When you’re finished taking in the sights and want to return to the story, you’ll find a number of ways the game gauges your progression. First, you have your character level. Gaining XP by beating up monsters with your companion Malroth, you can think of this as personal growth. As you level up, you’ll gain more health and access to recipes that’ll help you beat things up quicker, such as weapons for both of your characters. Something I really found myself fond of was the level cap enforced at each stage of the game. On the Furrowfield, you’ll find your level capped to 10, but as you progress, this limit is gradually raised. It means for people like me who spent 20 hours building a fortress before progressing, you won’t feel too powerful, also giving the game control over the kinds of weapon recipes it gives you. The recipes for the first ten levels will require items you can gather on Furrowfield, up to the next limit will require items of the next island; the game never leaves you in a position where you don’t have the resources to do what you need to, unless the next task is to be gathering them. It’s well-paced and again, well thought out in giving you a satisfying experience over a long period of play.
The second means of progression is directly related to your progress on each island, a level for your village. As mentioned earlier, as the village grows, you’ll get more villagers and more eager hands to help. Growth happens through completing requests, providing you with gratitude, which can then be spent on levelling up the village when set thresholds are reached. Though requests are a significant way of getting gratitude, there are plenty of other ways, each rewarding your effort in its own way. If a villager sleeps on a bed, you’ll get a little gratitude each day as they wake up. If you set up a place for them to eat, you’ll get a little gratitude when they take some food. If you set up a kitchen, a toilet, a bath, if you have fields they can tend to, they’ll reward you with gratitude. The game encourages you to play and build to your heart’s content, and the collection of gratitude is, for the lack of a better word, incredibly gratifying. When you’ve progressed enough for the chapter to come to a close, you’ll head back to the Isle of Awakening with some new allies and the recipes and resources you’ve gained along the way, and once you start building there, you’ll again be rewarded with gratitude. With no formal village to speak of, it’s used a little differently however.
Once your time in Furrowfield has come to an end, the game opens up with some really nice options. You have a new means of movement in the glider, but perhaps more significantly, you gain access to both multiplayer and Explorer’s Shores. Explorer’s Shores are small islands scattered around the larger world map. Paying a set amount of gratitude earned at the Isle of Awakening, you’re able to visit these islands as much as you’d like, but unlike your main ‘story islands’, no progress is saved here. Your objective is detached from the rest of the game, ultimately serving as a scavenger hunt for a pre-set list of items, the reward entirely worth the effort. For each hunt completed, you get unlimited access to a specified material, and with two hunts available for each island, you’ll be wanting to develop the Isle of Awakening if only to access them. Unlimited wood meant I no longer had to worry about the dwindling tree populous, unlimited grass fibre meant I could stop slashing at every piece of grass in my path. The slow transition to a more creative way of playing is something I really appreciated, the game again paced brilliantly as to present these unlimited items after the areas where they were previously commonplace. Furrowfield rich in trees and other types of greenery, you’d be less inclined to explore and gather materials if you had unlimited access to wood. Coming back to the Isle of Awakening however, it’s easy to feel limited in what you can do. Best of all, these islands are entirely optional. If you’d rather a purer life of survival and gathering, the game will respect your choice and leave you be, but for those wanting to create on a grander stage, such unlimited access will be welcomed.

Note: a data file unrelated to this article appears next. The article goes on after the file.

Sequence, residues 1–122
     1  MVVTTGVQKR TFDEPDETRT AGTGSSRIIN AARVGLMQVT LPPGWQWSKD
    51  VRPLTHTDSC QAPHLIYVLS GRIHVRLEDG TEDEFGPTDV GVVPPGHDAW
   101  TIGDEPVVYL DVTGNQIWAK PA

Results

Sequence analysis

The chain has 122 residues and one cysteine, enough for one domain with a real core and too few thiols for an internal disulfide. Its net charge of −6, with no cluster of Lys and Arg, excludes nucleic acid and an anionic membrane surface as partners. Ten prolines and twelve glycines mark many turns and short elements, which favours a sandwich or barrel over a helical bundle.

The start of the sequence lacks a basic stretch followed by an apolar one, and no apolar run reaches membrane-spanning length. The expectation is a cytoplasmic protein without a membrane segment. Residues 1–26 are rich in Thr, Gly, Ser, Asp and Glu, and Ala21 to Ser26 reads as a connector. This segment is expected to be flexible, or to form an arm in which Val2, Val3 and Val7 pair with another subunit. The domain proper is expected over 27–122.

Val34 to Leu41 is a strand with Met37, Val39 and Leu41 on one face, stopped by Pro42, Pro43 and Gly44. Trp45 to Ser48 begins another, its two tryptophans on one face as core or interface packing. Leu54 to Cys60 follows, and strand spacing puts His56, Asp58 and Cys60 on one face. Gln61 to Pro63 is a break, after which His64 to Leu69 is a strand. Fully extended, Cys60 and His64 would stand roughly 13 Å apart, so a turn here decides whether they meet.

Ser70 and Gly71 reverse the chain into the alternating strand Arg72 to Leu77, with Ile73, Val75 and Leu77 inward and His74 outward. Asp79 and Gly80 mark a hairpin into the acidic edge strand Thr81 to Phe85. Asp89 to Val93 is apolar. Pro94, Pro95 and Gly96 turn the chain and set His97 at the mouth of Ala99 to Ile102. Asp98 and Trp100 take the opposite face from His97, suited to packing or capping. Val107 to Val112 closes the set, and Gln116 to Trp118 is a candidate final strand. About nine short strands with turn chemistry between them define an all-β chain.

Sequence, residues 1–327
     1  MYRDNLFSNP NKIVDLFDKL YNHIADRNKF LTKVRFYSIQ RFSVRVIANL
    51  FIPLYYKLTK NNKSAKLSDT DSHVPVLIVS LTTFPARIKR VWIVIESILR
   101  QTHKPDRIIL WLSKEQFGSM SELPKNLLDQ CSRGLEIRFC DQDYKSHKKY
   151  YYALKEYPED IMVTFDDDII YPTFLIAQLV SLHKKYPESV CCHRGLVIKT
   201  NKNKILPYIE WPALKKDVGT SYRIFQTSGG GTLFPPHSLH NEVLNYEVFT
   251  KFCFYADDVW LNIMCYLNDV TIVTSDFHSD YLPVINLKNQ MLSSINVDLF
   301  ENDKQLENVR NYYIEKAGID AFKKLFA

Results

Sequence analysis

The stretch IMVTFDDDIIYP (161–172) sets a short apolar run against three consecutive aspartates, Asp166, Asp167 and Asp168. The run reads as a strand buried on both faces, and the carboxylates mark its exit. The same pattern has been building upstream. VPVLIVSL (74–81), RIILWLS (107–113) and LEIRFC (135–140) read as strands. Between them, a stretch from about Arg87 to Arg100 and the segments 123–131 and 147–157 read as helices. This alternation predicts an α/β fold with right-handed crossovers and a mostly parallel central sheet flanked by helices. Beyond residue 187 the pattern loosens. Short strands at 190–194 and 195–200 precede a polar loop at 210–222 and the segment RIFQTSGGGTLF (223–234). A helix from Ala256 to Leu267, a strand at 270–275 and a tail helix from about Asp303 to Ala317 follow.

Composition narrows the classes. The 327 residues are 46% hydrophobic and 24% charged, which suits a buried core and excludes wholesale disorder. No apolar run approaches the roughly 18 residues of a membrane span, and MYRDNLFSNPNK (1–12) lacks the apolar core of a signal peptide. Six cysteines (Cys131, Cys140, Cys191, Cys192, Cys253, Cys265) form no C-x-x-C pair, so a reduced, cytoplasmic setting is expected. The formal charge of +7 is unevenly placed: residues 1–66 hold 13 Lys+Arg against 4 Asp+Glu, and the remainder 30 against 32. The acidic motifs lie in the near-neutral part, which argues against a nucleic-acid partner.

Multiplayer is a little harder for me to comment on without anybody I know having the game prior to it launching, though I can still go over a few of the basics. You gain access to it after returning from Furrowfield, and allows you to play either online or via local wireless with three other people. When playing with them, you can run around and build the Isle of Awakening together. With the online functioning using the Switch friend list, I’m also assuming cross-platform multiplayer isn’t possible. I wish I could give a little more information on this, but I can at least say I’m thoroughly looking forward to playing with others after the game has officially launched.
One hot topic when it comes to the Switch version of the game is, quite understandably, just how well it performs, and it’s a mixed bag. To my untrained eye, the game largely feels incredibly nice to play, not noticing any kind of slowdown in the general activities of building and gathering. Where things started to get choppy however was after I acquired the glider. As a fast means of getting around, I used it to do a lap of each new island, allowing me to have a fuller idea of my surroundings. In this swift movement through the scenery, the game struggled at times to keep up, stuttering noticeably, but never to a particularly concerning limit, and certainly not frequent to the point of it being a larger issue. If you’re more sensitive to this kind of thing than myself, I encourage you to check out the free demo and try pushing the game as best you can.
All in all, Dragon Quest Builders 2 is phenomenal. With its fantastic sense of progression, fun writing, and endless building opportunities, it is a perfect game to lose yourself in, hours melting away as you decide you just want to build one more wall. Though slightly held back by uncooperative NPCs and occasional performance hiccups, it stands out to me as one of the best titles released for the Switch to date. It’s a game I thoroughly enjoyed, and hope many more will enjoy in the coming days and weeks.